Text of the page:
Get to Know a Legislator: Rep. Abudullah Hammoud
By Jeremy Garson
In this month’s Legislator of the Month feature, MAP sits down with Michigan Future Caucus Co-Chair Representative Abdullah Hammoud (D-District 15). Rep. Hammoud shares what motivated him to run for office, the power of bridge building, and why he decided to join the State Future Caucus Network.
Rep. Hammoud was motivated to run for office after his brother Ali passed away. “Ali was the type of individual that made you feel as if the stars were within arm’s reach, all you had to do was be bold enough to grab them. He was an individual that believed in pursuing your passions, staying true to your identity, and, above all, treating everyone as if they were family.”
Rep. Hammoud embraced Ali’s legacy and, at just 26, he became the first ever Arab American Muslim elected to represent his district — an identity that he embraces.
I asked him how his faith has impacted his experience in the legislature and he noted that several of his colleagues had never met a Muslim before and that “there has been a hesitancy to engage with me because of my faith and ethnicity.” Rep. Hammoud has worked to transform this unfamiliarity into an opportunity.
Last year, he invited almost 40 fellow representatives to his district, which has the highest concentration of Arab American people in the United States, outside of the Middle East. According to Rep. Hammoud, “This experience opened the doors for relationship building and communication, which has led to fruitful partnerships in unlikely places.”
Trying to build unlikely bridges has been a consistent theme during Rep. Hammoud’s time in office. As he puts it, “In an era with polarizing partisan politics, it is essential to have conversations with people who have different viewpoints. One of the most dangerous things that we can do is isolate ourselves within our echo chambers and dehumanize people with different opinions.”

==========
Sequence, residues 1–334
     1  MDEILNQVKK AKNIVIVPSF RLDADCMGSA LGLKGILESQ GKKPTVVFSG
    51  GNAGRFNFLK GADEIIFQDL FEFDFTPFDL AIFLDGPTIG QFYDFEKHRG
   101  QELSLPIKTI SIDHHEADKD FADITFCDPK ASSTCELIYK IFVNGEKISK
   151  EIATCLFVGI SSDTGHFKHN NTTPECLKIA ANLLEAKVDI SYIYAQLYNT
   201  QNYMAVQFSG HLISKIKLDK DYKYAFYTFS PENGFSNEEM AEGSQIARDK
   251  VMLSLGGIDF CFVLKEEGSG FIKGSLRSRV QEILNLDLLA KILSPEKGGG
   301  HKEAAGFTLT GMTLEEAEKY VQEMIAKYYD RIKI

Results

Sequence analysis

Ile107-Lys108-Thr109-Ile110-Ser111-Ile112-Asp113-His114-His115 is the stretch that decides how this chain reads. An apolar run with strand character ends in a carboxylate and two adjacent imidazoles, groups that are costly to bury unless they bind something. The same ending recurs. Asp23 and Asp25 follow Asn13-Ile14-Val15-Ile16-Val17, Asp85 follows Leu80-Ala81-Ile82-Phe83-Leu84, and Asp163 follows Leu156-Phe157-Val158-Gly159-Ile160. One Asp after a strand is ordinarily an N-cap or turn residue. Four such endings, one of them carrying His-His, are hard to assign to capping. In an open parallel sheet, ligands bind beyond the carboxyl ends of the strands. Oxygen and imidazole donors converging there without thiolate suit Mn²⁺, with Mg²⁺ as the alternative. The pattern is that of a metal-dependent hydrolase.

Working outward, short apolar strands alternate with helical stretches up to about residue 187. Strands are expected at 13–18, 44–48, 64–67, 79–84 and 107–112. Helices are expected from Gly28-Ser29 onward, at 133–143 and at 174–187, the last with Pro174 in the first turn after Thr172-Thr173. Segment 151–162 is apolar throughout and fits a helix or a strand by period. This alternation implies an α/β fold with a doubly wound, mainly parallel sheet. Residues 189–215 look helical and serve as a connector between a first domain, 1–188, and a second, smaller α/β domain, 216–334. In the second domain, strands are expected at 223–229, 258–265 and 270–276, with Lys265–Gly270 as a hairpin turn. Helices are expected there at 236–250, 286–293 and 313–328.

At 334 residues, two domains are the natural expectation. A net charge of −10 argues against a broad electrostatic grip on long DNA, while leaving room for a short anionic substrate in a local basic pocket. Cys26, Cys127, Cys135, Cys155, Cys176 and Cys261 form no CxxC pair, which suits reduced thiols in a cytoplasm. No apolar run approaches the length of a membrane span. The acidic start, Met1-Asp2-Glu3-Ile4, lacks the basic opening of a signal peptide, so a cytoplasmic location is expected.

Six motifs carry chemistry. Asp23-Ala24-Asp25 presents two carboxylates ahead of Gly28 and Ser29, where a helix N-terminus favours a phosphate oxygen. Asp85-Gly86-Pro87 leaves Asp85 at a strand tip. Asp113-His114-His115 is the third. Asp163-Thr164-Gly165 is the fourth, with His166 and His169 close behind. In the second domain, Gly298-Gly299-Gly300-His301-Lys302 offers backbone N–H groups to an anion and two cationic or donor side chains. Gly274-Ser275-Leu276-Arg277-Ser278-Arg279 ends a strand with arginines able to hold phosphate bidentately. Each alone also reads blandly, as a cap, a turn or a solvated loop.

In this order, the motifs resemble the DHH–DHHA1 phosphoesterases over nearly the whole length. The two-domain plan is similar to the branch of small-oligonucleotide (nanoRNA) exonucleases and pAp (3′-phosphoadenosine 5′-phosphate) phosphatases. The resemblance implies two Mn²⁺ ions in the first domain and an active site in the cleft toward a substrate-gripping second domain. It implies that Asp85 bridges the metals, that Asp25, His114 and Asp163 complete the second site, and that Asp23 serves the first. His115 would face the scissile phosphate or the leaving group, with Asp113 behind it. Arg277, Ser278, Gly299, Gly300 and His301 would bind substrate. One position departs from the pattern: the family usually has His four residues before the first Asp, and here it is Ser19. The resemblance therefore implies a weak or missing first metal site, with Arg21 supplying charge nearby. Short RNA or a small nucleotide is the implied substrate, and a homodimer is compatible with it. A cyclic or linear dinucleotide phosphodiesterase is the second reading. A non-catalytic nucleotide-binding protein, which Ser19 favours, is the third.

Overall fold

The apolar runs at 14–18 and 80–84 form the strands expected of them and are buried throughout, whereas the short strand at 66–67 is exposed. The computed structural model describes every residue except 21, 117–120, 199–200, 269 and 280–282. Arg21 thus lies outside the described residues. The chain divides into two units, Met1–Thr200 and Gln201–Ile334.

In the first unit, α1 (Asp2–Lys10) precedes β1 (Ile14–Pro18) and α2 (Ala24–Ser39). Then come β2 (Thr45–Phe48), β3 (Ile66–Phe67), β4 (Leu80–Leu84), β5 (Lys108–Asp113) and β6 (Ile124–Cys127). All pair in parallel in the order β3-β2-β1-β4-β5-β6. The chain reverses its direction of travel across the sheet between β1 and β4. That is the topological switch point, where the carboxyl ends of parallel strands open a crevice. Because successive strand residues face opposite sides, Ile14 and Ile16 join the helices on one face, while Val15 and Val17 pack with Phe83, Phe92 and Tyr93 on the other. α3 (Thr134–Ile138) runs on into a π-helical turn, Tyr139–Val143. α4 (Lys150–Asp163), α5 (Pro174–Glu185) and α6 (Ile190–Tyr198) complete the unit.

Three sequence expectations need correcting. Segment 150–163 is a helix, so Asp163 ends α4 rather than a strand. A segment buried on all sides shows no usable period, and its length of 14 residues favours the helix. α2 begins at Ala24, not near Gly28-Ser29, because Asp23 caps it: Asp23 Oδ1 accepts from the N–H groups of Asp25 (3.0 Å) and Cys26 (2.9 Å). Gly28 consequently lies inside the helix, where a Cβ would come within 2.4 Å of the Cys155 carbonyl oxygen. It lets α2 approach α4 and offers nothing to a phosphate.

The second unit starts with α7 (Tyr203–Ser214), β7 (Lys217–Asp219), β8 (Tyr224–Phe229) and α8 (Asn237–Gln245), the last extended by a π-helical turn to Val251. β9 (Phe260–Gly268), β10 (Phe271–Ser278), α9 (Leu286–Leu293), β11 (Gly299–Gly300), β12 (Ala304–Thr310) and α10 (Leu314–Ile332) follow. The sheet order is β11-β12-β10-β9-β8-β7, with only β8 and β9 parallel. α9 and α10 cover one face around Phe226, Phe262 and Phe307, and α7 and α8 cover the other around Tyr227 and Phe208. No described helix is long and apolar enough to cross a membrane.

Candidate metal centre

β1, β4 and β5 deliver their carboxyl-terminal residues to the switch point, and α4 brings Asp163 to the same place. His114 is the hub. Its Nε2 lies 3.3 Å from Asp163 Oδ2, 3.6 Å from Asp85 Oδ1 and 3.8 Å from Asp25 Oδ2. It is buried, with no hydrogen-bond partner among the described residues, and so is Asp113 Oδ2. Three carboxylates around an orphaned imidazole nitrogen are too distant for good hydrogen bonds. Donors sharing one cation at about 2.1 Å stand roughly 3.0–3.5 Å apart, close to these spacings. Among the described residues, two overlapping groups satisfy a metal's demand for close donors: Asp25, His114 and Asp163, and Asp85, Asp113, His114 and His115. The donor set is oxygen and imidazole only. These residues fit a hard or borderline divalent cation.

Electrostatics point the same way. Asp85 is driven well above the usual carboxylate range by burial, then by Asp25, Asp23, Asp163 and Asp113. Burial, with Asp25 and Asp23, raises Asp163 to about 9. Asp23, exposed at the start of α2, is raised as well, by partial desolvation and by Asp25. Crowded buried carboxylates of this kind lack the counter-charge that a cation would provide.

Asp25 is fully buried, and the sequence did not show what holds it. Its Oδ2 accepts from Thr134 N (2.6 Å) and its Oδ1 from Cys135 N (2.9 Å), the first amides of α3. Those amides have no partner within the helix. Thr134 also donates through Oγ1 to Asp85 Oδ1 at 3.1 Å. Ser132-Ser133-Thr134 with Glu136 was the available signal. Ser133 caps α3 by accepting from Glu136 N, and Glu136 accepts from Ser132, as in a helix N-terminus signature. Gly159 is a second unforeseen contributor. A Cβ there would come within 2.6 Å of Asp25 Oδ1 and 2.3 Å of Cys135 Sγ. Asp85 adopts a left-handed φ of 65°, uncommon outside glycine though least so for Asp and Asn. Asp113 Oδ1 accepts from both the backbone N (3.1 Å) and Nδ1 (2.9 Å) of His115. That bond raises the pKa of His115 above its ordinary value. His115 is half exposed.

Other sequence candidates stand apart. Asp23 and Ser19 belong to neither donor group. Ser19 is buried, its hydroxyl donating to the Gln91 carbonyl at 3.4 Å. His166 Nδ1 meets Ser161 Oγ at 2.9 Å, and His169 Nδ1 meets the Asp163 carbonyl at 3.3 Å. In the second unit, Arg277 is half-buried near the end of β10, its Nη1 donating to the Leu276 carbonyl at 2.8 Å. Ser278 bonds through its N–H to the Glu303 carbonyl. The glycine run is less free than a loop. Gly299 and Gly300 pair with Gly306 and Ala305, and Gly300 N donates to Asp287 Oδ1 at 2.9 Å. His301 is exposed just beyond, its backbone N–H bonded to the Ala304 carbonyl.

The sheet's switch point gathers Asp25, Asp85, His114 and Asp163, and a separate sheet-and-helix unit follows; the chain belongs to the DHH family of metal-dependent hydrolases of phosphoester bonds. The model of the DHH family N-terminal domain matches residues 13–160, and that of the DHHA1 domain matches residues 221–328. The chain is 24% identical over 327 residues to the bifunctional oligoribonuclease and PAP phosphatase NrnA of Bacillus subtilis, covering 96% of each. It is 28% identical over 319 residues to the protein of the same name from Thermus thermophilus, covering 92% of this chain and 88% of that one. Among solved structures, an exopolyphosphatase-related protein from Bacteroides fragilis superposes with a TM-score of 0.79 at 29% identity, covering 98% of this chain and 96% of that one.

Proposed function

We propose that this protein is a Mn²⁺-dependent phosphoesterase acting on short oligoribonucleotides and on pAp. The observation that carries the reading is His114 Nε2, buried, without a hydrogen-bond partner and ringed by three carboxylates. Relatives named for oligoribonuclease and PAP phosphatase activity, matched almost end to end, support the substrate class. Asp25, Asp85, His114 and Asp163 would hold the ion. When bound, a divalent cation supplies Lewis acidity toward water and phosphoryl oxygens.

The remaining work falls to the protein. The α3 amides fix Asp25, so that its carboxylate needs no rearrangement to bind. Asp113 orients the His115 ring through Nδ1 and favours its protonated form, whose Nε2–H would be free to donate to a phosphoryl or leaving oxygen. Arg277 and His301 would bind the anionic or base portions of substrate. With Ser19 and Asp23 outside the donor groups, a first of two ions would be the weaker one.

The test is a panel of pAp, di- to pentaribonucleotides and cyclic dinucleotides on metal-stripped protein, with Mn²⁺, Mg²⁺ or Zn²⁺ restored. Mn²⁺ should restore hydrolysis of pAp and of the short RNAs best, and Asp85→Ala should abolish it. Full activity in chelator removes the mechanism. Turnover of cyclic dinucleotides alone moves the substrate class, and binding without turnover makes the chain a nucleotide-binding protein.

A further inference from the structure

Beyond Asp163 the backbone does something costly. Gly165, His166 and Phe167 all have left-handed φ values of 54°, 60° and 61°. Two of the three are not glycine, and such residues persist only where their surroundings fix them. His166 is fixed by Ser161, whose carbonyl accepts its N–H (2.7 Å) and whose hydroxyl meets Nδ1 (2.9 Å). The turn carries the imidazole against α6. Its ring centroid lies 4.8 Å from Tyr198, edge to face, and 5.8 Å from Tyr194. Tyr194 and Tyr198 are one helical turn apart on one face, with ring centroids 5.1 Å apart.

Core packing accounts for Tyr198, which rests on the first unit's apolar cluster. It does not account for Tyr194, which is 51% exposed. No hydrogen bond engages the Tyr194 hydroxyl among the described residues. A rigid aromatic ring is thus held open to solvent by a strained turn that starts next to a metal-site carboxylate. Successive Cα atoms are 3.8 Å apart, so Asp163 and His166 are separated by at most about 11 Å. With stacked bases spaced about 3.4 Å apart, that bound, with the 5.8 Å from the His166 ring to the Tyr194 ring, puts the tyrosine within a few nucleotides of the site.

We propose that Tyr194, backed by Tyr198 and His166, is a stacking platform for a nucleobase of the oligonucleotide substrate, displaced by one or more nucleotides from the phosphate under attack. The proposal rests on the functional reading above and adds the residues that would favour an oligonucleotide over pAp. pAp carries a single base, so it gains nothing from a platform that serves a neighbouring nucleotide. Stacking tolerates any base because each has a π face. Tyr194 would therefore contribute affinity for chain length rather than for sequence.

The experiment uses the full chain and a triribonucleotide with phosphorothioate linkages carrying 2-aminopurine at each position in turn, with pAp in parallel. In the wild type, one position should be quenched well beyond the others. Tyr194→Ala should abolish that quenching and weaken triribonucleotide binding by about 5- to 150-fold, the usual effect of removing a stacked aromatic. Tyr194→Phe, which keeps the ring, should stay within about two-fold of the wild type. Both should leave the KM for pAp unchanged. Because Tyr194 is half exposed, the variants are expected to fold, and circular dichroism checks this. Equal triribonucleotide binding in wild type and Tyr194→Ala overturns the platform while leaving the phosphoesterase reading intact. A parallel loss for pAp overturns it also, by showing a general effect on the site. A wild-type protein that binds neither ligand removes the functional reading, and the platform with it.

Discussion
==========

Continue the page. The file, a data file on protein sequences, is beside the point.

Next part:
That mindset led Rep. Hammoud to join the Millennial Action Project’s Future Caucus, which strives to bring policymakers together and set party labels aside to build consensus and problem solve. That mentality also motivates Rep. Hammoud to do his job better.
He stated that the most difficult part of his job is finding compromises that work for everybody, but that “compromise often is reached by leveraging the relationships that you have built.” Rep. Hammoud understands that he is in office to better the lives of his constituents, and that he cannot allow pride or animosity get in the way of positive change.
One of the ways he is trying to improve his constituents’ lives is by increasing access to and improving the quality of healthcare for everyone in Michigan.
Rep. Hammoud noted that he recently “introduced a bill that would limit insurance companies to charging a maximum of $5 for primary care co-pays.” According to Rep. Hammoud, “High deductibles and co-pays keep far too many people away from visiting primary care physicians, prolonging essential care and leading to additional health problems and higher costs down the road. This policy is a small step towards a more efficient health care system, but we still have a lot more work to do before our health care needs are met.” Rep. Hammoud then added, “It is my hope that over the next two terms, I can work with others to push our state’s health care system in the direction of a single payer model.”
Finally, Rep. Hammoud lamented that he only had two more terms left in office due to Michigan’s term limits.
Asked what he’d known about elected office before being elected, Rep. Hammoud stated, “I wish I knew the full impact term limits would have on this office.” Rep. Hammoud acknowledged that the law was intended to limit corruption and career politicians in office. However, he argues that “the terms are too short for officials to effectively learn how to do their job. These limits ultimately place the power in the hands of lobbyists and other unelected officials who have inadvertently become the institutional knowledge around Lansing.”
Nevertheless, Rep. Hammoud knows he only has so long to make an impact, and he is ready to do everything he can to improve the 15th District — and the lives of young people — during his time in office.